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Advancing Peace & Diplomacy
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The ascension of Raisi to the presidency will be widely viewed as a victory for hardliners in Iran and the U.S. who seek confrontation over conciliation between the U.S. and Iran. The authorities of the Islamic Republic will have to grapple with the fact that so few Iranians felt compelled to vote due to anti-democratic machinations and to the efforts to silence and delegitimize voices that fall outside of the exceedingly narrow spectrum of what is deemed acceptable political debate.
Iranians will vote for a new president on June 18th after eight years of moderate President Hassan Rouhani. The election occurs in a political context where Iranian conservatives have steadily consolidated power after the U.S. withdrew from the nuclear deal in 2018, which was Rouhani’s signature achievement. The most hardline forces in Iran are now poised to take total control over all levers of power in Iran and sideline their moderate and reformist rivals.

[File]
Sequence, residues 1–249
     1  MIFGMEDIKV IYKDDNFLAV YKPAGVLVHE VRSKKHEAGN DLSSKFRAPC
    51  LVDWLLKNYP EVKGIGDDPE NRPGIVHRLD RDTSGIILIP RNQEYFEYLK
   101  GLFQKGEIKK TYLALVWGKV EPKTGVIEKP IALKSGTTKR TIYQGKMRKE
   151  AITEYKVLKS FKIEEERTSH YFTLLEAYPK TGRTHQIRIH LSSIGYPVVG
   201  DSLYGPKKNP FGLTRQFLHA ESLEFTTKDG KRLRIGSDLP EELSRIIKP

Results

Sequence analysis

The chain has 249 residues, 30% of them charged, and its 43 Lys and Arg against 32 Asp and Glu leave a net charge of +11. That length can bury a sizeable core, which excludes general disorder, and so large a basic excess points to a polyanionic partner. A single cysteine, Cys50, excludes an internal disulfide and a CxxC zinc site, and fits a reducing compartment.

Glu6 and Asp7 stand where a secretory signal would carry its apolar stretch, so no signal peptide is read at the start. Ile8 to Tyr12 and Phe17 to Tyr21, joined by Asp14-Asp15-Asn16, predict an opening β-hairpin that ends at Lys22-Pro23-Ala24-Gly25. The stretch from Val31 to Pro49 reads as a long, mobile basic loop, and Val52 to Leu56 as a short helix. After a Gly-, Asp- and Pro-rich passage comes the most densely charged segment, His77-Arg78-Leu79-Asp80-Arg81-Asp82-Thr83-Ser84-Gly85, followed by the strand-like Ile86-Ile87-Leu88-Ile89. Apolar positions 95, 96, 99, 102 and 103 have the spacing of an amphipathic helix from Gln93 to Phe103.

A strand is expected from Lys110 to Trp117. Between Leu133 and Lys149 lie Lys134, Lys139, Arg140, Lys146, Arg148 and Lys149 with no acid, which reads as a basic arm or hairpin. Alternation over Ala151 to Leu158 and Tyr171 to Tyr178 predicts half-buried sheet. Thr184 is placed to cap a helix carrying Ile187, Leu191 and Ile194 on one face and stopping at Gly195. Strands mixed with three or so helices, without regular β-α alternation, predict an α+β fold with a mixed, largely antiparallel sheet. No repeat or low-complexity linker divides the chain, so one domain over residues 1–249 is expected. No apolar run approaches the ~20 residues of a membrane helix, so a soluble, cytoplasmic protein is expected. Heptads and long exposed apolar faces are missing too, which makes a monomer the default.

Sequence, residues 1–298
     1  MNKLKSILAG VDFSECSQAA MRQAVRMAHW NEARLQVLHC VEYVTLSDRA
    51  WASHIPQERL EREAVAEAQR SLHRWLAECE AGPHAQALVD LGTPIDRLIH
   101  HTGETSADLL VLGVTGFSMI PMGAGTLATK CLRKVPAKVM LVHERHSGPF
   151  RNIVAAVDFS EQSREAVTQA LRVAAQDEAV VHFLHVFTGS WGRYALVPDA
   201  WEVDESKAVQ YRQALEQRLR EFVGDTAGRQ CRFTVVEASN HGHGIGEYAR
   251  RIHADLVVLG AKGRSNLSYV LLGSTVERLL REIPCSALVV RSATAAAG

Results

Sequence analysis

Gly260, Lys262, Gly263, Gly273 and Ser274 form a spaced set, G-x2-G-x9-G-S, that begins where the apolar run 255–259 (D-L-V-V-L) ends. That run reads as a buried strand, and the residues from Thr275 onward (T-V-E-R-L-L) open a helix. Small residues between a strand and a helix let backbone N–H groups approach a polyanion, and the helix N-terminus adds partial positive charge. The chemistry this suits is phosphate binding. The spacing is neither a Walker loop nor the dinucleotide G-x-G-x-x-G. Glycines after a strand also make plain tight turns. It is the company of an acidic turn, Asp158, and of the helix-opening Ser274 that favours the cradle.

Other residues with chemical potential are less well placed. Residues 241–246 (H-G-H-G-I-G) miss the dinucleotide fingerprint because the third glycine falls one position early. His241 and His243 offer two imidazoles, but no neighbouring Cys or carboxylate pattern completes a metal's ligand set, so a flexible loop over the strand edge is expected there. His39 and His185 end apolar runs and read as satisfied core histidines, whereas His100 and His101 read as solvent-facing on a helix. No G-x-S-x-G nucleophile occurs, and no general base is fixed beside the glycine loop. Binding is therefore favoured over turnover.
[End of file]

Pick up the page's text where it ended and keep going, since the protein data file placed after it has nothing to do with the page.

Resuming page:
Join NIAC and our featured panelists as we explore key questions arising from the election results, discuss whether Iran’s next President will change the country’s foreign and domestic policies, and what the prospects are for continued engagement with the West.
Less than four months after the tragic death of Iranian prisoner of conscience Behnam Mahjoubi, another political prisoner has died in the custody of Iranian prison authorities from maltreatment and lack of access to proper medical treatment. Like Mahjoubi, who suffered from a serious panic disorder that required daily medication, Sasan Niknafs needed suitable medical attention for his serious health issues, including epilepsy, diabetes, and depression.
Thirty-five-year-old French citizen, Benjamin Brière, was arrested in Iran in May of 2020 for allegedly flying a drone and taking photos in a restricted area near an Iranian border. Brière is now facing charges of espionage and “propaganda against the system” in an Iranian court.
The Iranian election will take place amid many Iranians choosing to boycott the vote. Conservative Ebrahim Raisi is the frontrunner, and moderate Abdolnaser Hemmati’s best hope is to take the election to a runoff. Both candidates have signaled support for the JCPOA. Iran’s chief negotiator at the Vienna talks also says Raisi will support talks to restore the deal.
Iran’s presidential campaign is in full swing and the candidates have sparred in two televised debates. President Rouhani has derided the conservative candidates for scapegoating his administration and not talking about U.S. sanctions. Meanwhile, a bill in parliament seeks to further restrict internet access and the Vienna JCPOA talks are due to restart this Saturday.